What Are Songwriting Splits and Why You Need to Agree on Them Now

Songwriting Splits

Music mogul Simon Cowell recently parted methods with Little Mix, the girl group he championed and signed after they won the X Factor in 2011.

The reported reason? He had a falling out with their reps Modest Management amid a row over a songwriting credit on their single “Woman Like Me.”

Some might think it’s a drastic move over a relatively inconsequential problem, however, such fallouts are becoming more common than ever before – particularly considering the exponential development in the number of credited songwriters on today’s big hits.

The idea that results in songwriting crediting headaches like these are called songwriting splits.

And every musician and songwriter distributing their music need to know what they’re and why they matter. It’ll assist you to keep away from lots of grief down the road.

However, songwriting splits aren’t always easy. So to help you get clear on splits right here’s everything you should know.

The basics: who owns what?

Before you begin, it’s necessary to know the two different copyright types for a record:

  • The master right is the ownership of the sound recording, most commonly owned by the label
  • The composition right  is the possession of the underlying track, sometimes referred to as the publishing right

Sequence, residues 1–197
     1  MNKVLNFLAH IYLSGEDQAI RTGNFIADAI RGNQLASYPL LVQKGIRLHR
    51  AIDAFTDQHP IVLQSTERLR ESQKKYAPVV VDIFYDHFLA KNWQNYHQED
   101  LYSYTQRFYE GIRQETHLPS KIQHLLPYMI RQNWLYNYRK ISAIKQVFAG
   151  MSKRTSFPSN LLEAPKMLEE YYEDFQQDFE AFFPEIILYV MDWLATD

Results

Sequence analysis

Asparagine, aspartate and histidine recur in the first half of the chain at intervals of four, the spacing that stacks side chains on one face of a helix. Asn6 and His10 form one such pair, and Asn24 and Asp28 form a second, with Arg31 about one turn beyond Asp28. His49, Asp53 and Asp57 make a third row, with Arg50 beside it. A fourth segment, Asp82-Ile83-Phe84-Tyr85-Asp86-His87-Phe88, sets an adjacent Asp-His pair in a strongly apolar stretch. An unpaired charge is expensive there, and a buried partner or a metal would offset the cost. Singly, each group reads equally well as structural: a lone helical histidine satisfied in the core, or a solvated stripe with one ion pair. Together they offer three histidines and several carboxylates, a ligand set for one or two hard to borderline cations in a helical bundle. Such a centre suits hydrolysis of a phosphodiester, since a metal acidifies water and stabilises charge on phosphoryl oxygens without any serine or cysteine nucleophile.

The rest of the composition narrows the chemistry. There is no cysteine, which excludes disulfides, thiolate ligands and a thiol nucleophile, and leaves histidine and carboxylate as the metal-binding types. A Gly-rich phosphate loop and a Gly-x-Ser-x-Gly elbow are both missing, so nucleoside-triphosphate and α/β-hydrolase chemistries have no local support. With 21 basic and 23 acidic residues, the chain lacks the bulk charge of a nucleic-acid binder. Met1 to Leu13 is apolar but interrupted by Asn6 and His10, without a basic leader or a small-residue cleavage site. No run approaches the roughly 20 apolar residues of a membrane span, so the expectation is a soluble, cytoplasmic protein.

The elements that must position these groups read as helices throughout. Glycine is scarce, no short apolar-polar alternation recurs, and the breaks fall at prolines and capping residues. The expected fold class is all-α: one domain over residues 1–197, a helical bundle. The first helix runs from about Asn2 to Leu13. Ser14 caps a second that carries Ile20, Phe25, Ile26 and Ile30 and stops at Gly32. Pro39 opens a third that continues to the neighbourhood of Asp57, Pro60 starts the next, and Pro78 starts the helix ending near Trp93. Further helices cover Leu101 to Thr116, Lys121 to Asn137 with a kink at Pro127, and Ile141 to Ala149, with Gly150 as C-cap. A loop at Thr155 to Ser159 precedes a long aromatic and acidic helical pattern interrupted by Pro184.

This composition right is split between their respective publishers and the songwriters. The percentage each one gets – the split – should be agreed between all parties before the record is launched.

What’s a fair split?

I usually get asked by artists and budding songwriters what sort of share they need to ask for once they work with other writers.

Generally, the question evolves from their feeling that they did more than the other writer(s). My first response is always: “Do you need to work with them again? If so, split equally.”

The common answer is to argue that they came up with both the lyrics and melody so need to get more, however, my point is that it’s tough to quantify the value of somebody’s contribution.

It might be something easy like changing the format of the track – like taking out the pre-chorus or including an earworm hook – that’s the difference between a hit and just an average song.

Partnership splits

Maybe the most famous instance of sharing songwriting duties is the Lennon-McCartney partnership.

In retrospect, we now understand that certain Beatles songs were written by Paul and others by John, but they were all credited 50/50 between the two. It may be argued that together they were more than the sum of their parts.

Maybe the truth that they had to get the approval of each other affected the quality enough to make the tracks more succinct and pleasing to both Lennon’s tougher, more political taste and Paul’s love of beautiful, sweeter melodies?

Splits that keep the band together

Another danger with dividing the songwriting splits according to who came up with what lines is that people tend to fight for their concepts in order to get a bigger share, not for the better of the track.

Some credit U2’s longevity to splitting every track equally – even giving their longtime manager Paul McGuinness an equal share, as if he was a part of the band.

Everybody in Coldplay additionally gets a share of each track, no matter if Chris Martin came into the studio with a finished composition or not.

Meanwhile, there’s a long line of band break-ups spurred by begrudging band members who feel their contribution wasn’t acknowledged enough when a person took 100% of the songwriting credits, earning considerably more than the rest of the band.